Edinburgh Council 'failed to accommodate' almost 1,500 homeless households in the Capital

Housing bosses in the Capital have failed to accommodate homeless people more than 1,000 times despite being legally obliged to do so.
Edinburgh City Council have failed to accommodate more than 1,000 homeless peopleEdinburgh City Council have failed to accommodate more than 1,000 homeless people
Edinburgh City Council have failed to accommodate more than 1,000 homeless people

New statistics revealed by the Scottish Government show that Edinburgh City Council failed to find somewhere for 1,405 homeless households to stay from 2017 to September 2019, but the statistics handed over by the authority to Holyrood are flawed due to “technical issues” within the council.

The authority says that in around 80 per cent of cases, homeless households have previously been accommodated, which they have lost through their own actions such as drug taking or committing assaults.

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The council’s housing, homelessness and fair work convener, Cllr Kate Campbell, said: “While these figures have been reported to the Scottish Housing Regulator, a technical error meant they weren’t reported to the Scottish Government as they should have been. We’ve reviewed processes around this and put in place robust procedures to make sure they’re properly reported in future.

“Edinburgh absolutely recognises our duty to house people experiencing homelessness up until they have a permanent home. We make repeated offers, working one-on-one to with someone to consider alternative places to stay. These repeated offers of help are reflected in the figures.

“We recognise that people experiencing homelessness are some of the most vulnerable in the city and many will have experienced trauma which can make it difficult to sustain traditional forms of accommodation. That’s why we’ve increased rapid access accommodation, which is for people with high support needs, and why our homelessness task force will be looking at how to further expand accommodation for people who are exceptionally vulnerable.”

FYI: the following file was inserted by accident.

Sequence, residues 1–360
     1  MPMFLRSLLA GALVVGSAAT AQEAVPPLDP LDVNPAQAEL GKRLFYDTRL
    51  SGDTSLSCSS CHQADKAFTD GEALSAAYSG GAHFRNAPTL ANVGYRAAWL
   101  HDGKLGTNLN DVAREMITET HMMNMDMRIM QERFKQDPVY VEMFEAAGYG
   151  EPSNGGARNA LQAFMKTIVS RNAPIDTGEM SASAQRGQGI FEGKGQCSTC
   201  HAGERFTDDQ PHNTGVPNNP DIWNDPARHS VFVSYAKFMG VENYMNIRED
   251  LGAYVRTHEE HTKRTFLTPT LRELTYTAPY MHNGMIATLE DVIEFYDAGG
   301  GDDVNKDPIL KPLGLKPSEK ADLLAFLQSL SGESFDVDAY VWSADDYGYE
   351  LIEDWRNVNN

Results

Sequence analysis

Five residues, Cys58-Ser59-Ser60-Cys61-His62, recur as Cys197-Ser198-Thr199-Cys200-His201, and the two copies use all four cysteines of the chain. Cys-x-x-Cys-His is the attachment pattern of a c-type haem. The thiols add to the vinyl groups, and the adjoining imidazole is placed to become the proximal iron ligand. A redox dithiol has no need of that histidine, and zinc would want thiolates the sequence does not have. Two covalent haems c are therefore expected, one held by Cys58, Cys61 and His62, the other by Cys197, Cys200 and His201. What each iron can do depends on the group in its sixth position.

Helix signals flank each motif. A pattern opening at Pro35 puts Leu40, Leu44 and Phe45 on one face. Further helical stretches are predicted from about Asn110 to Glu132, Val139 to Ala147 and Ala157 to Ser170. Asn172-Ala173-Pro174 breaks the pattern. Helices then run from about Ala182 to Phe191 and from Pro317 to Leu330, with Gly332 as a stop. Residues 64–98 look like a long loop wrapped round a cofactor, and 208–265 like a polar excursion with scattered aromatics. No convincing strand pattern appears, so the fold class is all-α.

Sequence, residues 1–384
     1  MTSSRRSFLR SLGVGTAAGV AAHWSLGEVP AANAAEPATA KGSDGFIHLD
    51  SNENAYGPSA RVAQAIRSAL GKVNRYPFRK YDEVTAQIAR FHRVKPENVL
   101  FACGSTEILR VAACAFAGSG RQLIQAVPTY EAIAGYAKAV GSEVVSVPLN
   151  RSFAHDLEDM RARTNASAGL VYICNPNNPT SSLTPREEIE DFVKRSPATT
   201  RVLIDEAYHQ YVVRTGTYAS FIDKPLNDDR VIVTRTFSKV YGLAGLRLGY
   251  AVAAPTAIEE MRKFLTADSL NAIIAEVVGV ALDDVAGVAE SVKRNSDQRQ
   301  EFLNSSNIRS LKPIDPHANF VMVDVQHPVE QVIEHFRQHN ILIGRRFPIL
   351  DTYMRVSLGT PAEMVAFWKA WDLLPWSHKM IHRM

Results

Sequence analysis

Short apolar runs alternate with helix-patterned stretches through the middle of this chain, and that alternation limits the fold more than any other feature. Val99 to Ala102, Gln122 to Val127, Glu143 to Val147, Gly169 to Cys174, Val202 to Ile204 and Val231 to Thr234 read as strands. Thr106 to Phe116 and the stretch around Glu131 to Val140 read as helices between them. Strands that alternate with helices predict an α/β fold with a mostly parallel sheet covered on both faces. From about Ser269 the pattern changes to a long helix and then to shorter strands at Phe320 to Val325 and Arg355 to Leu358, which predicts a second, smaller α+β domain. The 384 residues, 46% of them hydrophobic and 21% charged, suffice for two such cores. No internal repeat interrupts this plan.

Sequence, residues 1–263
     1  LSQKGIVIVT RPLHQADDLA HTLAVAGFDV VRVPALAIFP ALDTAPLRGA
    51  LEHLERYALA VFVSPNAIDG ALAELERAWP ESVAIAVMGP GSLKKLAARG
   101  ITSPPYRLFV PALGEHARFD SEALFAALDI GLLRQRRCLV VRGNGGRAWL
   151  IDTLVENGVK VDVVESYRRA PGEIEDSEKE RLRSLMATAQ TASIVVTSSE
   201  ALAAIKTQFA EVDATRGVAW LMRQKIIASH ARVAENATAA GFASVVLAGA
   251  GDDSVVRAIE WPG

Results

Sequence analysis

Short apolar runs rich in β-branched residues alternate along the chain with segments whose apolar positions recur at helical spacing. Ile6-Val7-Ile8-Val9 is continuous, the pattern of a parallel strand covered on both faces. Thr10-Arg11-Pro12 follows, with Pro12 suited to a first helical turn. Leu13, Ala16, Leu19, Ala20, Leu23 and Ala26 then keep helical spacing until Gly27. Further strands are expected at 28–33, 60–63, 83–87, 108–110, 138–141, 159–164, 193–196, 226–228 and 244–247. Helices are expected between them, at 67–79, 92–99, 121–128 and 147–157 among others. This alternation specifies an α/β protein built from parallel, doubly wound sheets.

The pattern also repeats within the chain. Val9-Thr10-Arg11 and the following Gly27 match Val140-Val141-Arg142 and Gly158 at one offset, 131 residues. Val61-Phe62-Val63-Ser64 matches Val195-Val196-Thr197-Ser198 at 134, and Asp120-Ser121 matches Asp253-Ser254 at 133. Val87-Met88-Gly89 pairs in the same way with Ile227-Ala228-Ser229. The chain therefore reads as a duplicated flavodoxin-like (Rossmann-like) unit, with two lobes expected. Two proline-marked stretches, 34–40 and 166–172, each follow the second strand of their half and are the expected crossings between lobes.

In August last year, Shelter Scotland started legal action against Glasgow City Council after statistics showed the number of occasions the authority had breached its legal duty to provide accommodation was continuing to rise, year on year.

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Shelter Scotland director, Graeme Brown, said: “These statistics lay bare the reality of our housing emergency. While it’s good that Edinburgh is now being transparent, these figures show the council has not been meeting its statutory duties, a situation which we have already highlighted in Glasgow.

“The sheer numbers of occasions when people are being turned away to fend for themselves is scandalous. Who knows what happens to these people when they leave the council offices? Councils can’t pick and choose which laws they adhere to.”

The statistics show that the council has experienced a significant reduction in the number of people repeatedly showing up as homeless – with presentations almost halving over the last five years. There has also been a steady decline in the number of households assessed as homeless.

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But Edinburgh continues to fail to move families with children out of B&B accommodation after seven days, as it has a legal duty to do. There were 295 breaches of the ban on prolonged stays in B&Bs in the 18/19 year to September.

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Tory Lothians MSP, Miles Briggs, said: “It is unacceptable the number of children in Edinburgh who are living in temporary accommodation.

“Instead of pledges by Edinburgh Council to fix the crisis, it has in fact got worse.”

Labour MSP for the Lothians, Sarah Boyack, added: “This is a shameful statistic but only serves to further highlight inadequate funding for local authorities.”

Housing Minister Kevin Stewart said: “One person being made homeless is one too many, particularly in households which include children. That is why we are working in partnership with local government, people with lived experience and frontline services to transform services to support those who are homeless or at risk of homelessness.

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“We want to ensure our systems do all they can to prevent homelessness and when it does happen, ensure there is a strong support system available to people so they can move into settled accommodation quickly.”